Background In 1979, the first ever DNA crystal that was solved led to the surprising discovery of the left-hand Z-DNA conformation This structure forms from the right-handed classical B-DNA by flipping the bases over. The first protein shown to bind Z-DNA with high affinity was the double-stranded RNA editing protein ADAR1, but exactly why was uncertain for many years. A Proline to Alanine substitution at position 193 of ADAR1 (P193A) and an Asparagine to Serine substitution at position 173 (N173S), both in the Zα domain have been reported in families with Aicardi Goutières Syndrome type 6 , but also in the general population. Aicardi Goutières Syndrome causes severe neurological disease marked by dystonia with very few individuals surviving childhood. Disease is associated with a type I interferon signature.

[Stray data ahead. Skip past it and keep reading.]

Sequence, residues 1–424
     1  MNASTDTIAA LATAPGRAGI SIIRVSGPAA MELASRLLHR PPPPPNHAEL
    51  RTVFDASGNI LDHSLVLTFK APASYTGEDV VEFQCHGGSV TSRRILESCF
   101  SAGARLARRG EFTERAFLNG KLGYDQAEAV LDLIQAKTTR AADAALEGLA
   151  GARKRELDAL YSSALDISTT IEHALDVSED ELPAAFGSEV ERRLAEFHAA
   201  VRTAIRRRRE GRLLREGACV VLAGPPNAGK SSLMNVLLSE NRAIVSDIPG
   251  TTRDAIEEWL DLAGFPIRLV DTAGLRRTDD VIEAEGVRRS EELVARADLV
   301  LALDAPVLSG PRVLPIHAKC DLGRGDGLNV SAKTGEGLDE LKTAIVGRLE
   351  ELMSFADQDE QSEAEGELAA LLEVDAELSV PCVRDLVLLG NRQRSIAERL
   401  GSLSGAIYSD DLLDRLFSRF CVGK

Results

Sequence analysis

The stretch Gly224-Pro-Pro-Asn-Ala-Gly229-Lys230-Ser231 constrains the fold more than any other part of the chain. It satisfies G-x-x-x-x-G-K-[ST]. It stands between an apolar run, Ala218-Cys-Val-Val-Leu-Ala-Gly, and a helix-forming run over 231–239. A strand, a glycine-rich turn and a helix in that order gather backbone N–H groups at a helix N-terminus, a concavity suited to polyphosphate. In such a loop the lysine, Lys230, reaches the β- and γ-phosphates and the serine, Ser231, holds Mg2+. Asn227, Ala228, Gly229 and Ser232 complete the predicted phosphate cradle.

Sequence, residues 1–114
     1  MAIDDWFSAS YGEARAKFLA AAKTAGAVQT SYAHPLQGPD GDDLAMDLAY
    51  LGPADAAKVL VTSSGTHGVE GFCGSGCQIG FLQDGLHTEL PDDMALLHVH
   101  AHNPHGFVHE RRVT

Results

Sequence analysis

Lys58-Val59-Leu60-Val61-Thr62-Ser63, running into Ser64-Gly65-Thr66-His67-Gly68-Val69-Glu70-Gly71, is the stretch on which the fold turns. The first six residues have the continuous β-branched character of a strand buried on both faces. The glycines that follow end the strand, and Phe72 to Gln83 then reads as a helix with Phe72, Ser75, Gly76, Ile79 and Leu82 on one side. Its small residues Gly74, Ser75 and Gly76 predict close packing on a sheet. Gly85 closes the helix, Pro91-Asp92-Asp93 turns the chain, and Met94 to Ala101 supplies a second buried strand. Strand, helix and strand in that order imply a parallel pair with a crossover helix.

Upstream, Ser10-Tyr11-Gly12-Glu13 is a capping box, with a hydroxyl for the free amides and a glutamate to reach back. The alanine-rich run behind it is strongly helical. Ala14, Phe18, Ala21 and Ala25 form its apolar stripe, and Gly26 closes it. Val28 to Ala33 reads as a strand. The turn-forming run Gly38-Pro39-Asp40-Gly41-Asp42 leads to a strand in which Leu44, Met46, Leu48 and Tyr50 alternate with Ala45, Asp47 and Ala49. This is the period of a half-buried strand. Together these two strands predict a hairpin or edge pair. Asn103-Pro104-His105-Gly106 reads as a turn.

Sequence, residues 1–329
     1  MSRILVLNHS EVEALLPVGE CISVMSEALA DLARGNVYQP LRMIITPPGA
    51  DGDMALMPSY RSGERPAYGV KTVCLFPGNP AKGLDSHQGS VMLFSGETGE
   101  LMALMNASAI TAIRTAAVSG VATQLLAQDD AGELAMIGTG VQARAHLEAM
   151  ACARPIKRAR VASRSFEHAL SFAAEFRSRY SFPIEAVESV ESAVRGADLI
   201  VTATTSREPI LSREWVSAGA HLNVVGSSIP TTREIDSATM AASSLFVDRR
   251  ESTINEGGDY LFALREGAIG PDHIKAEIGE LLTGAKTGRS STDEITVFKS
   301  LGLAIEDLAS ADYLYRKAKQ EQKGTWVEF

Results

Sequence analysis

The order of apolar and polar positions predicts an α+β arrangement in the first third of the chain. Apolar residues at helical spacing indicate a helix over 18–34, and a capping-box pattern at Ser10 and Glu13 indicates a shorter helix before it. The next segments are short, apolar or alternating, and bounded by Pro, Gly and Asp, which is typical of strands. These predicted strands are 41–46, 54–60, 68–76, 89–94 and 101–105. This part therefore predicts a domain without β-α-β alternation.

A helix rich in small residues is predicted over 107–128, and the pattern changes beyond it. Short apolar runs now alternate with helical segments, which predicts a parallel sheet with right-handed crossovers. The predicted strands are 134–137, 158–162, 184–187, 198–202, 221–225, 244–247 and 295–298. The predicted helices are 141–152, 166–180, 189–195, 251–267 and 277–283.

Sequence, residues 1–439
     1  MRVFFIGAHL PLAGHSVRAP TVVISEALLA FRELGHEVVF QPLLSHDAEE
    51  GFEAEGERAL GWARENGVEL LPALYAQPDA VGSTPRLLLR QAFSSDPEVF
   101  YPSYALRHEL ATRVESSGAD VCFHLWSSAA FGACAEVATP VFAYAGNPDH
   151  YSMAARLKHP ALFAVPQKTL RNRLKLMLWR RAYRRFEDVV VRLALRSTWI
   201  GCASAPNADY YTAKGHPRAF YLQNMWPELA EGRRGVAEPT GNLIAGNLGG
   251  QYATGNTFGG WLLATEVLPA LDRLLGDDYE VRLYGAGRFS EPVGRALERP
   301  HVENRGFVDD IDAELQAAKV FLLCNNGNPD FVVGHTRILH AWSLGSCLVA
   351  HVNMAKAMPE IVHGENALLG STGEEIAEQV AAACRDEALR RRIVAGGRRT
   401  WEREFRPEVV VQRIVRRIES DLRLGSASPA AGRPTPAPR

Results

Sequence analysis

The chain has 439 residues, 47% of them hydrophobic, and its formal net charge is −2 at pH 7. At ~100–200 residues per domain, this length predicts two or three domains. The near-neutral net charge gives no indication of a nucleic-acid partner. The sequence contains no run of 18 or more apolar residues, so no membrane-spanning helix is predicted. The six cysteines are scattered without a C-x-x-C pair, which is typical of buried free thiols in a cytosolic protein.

Materials and Methods Structural and Genetic Analysis of ADAR1 biology
Results Evidence that P193A and N173S variants of the Z-RNA binding domain, Zα, of the RNA editing enzyme ADAR1 are causal for the Type I Interferonopathy Aicardi Goutières syndrome will be presented. The disease outcomes are driven by double-stranded RNAs derived from endogenous Alu inverted repeat retrotransposons. The Alu elements contain a Z-box with Z-RNA forming sequences that are normally bound by the Zα domain of ADAR1 to prevent activation of the double-stranded RNA sensor to MDA5 that drives the interferon response. The Alu elements mark host-transcripts as self, preventing auto-reactivity.
Conclusions The regulation of type I Interferon responses by Z-RNA is the first time that a biological role for flipons has been conclusively confirmed. The P193A variant (rs145588689) is present in 0.2% of the world population and in 0.3~04% of non-Finnish Europeans. It seems likely that the variant underwent selection during the period of urbanization during the Middle Ages. The increased interferon responses may have enhanced survival against pandemic viruses. Whether P193A increases risk of systemic lupus erythematosus is unknown.
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